7. I have completely worn out a corded electrical drill. I have another that no longer has reverse, so when I am building, I use it for drilling pilot holes. I have another corded drill which I use for setting screws when building. I have used these two in tandem on projects. Then, a few years ago my lovely daughter got me a cordless drill for Christmas. It is rare that I use my two corded drills now. I no longer have to drop an extension cord for my projects. I also purchased a set of drill bits and drivers so that I can take my cordless and that case and I am good to go. No longer do I have to make several trips, or haul my 5 gallon bucket of various tools to do a project.

  8. What are the BEST manual versions of these?

    ALSO, re: ground squirrels, I’ve just used big mouse traps (thanks to Dave Canterbury’s Pathfinder youtube videos on trapping and fishing), sold for a buck something, drilled a hole on the base tied it to a fixture and lo and behold the next day two dead ground squirrels caught in an old fashion mouse trap.

  9. I like the vertical mouse trap idea! I have regular mice and they keep coming back. argh

    Oh and I just bought myself another miter saw/box because it was on sale cheap at Walmart and my old miter box someone had sawed off part of it. So now I have one good box, one lame box and 2 saws.

  10. For my money, an impact driver, or drill/driver is a better tool than a drill. It has lower torque, so more power. I currently have a little 10.8V Hitachi that I like very much because it’s smaller and I can handle it. It also has adjustment settings between drilling and driving. Most cordless drill drivers are 18V, and have plenty of power, but I’m a wimpy little woman, so 18V are too heavy for me. The Hitachi came with a case and an extra battery, so even though I’ve had it stop on me before, I’ve never been without a back up. My drill driver is the only power tool I use regularly; I find that I have a lot more control with hand tools.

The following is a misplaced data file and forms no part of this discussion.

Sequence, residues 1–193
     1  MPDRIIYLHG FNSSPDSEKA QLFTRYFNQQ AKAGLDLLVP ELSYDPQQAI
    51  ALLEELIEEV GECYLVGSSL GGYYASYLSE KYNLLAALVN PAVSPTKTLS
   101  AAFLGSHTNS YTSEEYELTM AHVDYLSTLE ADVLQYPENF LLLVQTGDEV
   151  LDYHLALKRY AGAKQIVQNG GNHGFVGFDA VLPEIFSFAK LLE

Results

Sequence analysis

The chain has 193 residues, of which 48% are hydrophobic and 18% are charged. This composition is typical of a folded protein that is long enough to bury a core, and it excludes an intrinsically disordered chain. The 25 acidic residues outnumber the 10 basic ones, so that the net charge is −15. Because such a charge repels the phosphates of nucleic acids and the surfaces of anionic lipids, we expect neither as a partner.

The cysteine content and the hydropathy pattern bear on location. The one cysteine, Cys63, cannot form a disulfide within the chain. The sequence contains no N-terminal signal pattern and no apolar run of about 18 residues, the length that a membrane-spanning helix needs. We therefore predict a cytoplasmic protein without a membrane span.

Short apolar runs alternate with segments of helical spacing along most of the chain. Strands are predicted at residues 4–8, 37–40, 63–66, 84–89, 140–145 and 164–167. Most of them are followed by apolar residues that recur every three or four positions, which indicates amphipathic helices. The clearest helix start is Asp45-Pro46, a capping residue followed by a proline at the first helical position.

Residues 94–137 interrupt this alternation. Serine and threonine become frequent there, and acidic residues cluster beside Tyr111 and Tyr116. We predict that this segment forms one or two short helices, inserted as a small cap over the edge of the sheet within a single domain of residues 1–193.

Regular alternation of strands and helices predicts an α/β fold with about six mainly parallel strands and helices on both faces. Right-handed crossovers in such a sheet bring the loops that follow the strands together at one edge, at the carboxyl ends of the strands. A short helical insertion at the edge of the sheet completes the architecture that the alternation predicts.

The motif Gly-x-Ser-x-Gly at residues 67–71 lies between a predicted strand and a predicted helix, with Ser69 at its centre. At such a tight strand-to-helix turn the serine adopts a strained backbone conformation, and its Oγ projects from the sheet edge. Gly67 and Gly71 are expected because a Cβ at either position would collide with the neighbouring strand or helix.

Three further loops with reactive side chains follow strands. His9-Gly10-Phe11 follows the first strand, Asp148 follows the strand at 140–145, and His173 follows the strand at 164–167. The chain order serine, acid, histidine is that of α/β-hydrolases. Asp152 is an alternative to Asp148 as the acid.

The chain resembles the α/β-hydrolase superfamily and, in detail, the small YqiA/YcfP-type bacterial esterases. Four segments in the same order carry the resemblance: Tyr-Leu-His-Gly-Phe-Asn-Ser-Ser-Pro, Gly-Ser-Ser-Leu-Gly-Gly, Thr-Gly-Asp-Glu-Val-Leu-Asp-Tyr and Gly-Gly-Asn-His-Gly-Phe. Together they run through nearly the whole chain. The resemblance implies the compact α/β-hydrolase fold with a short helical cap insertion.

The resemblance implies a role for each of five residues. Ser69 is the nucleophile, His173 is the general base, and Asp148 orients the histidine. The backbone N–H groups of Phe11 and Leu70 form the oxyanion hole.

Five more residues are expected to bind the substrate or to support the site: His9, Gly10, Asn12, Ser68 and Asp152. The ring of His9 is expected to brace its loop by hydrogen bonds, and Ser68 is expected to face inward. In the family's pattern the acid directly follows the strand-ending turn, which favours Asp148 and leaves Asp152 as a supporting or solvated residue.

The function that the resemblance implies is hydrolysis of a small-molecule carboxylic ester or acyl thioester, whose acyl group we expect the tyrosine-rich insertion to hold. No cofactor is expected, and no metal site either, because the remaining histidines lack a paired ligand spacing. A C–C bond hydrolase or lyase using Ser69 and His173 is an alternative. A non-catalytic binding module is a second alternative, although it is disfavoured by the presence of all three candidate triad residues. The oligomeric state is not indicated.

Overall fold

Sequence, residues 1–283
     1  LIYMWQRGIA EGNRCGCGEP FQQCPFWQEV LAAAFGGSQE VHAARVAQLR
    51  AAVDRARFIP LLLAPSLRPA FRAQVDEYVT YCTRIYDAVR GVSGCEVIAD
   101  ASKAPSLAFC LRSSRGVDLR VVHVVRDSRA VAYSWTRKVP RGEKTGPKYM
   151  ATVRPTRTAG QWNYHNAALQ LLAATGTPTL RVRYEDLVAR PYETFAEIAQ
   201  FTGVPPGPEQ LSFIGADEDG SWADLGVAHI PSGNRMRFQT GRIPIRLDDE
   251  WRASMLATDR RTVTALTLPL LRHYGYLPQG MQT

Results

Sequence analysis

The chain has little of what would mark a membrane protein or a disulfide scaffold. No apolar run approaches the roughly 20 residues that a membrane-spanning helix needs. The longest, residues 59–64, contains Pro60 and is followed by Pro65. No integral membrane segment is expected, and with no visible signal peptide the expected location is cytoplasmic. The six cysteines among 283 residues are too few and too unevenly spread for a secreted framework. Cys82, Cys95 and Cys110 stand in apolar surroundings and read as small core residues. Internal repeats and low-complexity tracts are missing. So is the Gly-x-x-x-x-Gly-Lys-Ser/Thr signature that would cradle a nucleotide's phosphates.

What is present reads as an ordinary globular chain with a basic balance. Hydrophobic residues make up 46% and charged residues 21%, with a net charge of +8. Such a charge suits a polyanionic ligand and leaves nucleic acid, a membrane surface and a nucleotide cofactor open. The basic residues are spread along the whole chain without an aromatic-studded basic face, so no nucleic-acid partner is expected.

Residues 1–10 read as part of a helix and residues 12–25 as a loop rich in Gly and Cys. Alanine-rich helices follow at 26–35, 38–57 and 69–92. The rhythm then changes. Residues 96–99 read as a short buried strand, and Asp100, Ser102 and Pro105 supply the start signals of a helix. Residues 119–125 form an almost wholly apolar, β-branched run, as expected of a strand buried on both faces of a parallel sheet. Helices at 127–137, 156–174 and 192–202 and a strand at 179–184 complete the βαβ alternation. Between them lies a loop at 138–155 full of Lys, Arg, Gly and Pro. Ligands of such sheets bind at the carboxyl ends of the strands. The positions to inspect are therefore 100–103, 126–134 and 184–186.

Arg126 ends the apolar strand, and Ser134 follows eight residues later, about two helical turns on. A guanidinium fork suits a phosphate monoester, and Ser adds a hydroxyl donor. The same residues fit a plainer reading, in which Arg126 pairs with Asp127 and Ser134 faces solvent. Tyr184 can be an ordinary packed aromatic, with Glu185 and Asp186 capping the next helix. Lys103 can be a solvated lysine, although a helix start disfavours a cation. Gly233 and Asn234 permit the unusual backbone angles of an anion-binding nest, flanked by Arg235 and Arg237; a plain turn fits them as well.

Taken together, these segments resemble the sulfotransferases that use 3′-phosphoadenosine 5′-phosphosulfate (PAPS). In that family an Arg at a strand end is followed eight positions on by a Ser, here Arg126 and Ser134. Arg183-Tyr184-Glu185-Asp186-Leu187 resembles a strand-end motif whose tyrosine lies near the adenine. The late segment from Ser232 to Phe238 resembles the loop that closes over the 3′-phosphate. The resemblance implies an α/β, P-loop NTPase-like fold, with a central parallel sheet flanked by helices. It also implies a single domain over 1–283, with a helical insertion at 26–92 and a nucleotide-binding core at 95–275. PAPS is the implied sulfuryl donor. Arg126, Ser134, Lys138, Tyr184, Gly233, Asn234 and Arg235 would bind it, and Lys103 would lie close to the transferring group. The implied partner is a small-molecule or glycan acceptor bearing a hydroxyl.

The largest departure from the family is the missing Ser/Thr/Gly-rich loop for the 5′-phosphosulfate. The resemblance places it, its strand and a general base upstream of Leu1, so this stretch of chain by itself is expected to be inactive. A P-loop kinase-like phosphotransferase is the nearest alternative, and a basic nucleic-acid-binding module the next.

11. I’m a furniture maker and quasi carpenter, and I feel lucky to already have these tools. The comments though are right on sawzall can cut through nails on taking down stuff and was a big discovery for me. Festo ( a super fancy German brand) has a guide and can be used instead of a table saw. It is quite expensive but I use it all the time.

  12. sawzall is the brand name by milwaukee tools that is being used as a descriptor like xerox. it’s actually “reciprocating saw” i mean… if we want to get all technical now………. i hate that i’ve become a grammar nazi.

  13. I don’t know what I’d do without our cordless drill. It gets near-constant use in our house and garden. Last summer, we built 3 cold frames with it. I’ve also got a lot of use out of the cordless drill using a mixing blade to stir thinset and grout… some day, we will have a finished bathroom!

  14. I consider myself a pretty fair shadetree carpenter, and I have a good selection of non electric tools for building. Some of them I purchased at yard sales, some were passed down to me from my dad. But, I would hate to have to build a house from scratch using these hand tools. I could do it but it would take much longer than with electricity. It would go much smoother to have some twenty-something year old men to do the grunt work!

  15. I would have also gone with the sabre saw / sawzall instead of the jig saw because of the potential outdoor uses. My drill is the makita hammer drill (AWESOME) and the Skil radial saw (also awesome). I recently bought a cordless Porter Cable set (24v drill and 5″ radial saw) for smaller jobs (i.e. attic, >25′ into the back yard, etc) though…..